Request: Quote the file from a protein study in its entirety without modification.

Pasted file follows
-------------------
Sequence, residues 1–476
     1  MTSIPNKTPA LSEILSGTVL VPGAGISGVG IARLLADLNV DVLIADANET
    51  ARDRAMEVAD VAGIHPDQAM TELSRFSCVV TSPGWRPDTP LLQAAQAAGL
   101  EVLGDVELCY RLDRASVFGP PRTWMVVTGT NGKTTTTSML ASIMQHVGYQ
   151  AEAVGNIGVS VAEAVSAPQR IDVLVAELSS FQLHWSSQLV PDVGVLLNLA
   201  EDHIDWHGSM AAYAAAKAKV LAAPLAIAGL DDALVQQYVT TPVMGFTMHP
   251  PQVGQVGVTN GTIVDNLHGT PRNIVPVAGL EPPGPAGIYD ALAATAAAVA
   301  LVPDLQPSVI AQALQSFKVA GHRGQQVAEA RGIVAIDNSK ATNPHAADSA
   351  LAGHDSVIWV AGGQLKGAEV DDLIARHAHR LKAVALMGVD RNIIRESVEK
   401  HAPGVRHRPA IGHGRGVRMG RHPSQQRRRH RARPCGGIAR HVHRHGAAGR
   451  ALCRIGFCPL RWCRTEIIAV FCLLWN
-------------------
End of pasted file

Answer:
Sequence, residues 1–476
     1  MTSIPNKTPA LSEILSGTVL VPGAGISGVG IARLLADLNV DVLIADANET
    51  ARDRAMEVAD VAGIHPDQAM TELSRFSCVV TSPGWRPDTP LLQAAQAAGL
   101  EVLGDVELCY RLDRASVFGP PRTWMVVTGT NGKTTTTSML ASIMQHVGYQ
   151  AEAVGNIGVS VAEAVSAPQR IDVLVAELSS FQLHWSSQLV PDVGVLLNLA
   201  EDHIDWHGSM AAYAAAKAKV LAAPLAIAGL DDALVQQYVT TPVMGFTMHP
   251  PQVGQVGVTN GTIVDNLHGT PRNIVPVAGL EPPGPAGIYD ALAATAAAVA
   301  LVPDLQPSVI AQALQSFKVA GHRGQQVAEA RGIVAIDNSK ATNPHAADSA
   351  LAGHDSVIWV AGGQLKGAEV DDLIARHAHR LKAVALMGVD RNIIRESVEK
   401  HAPGVRHRPA IGHGRGVRMG RHPSQQRRRH RARPCGGIAR HVHRHGAAGR
   451  ALCRIGFCPL RWCRTEIIAV FCLLWN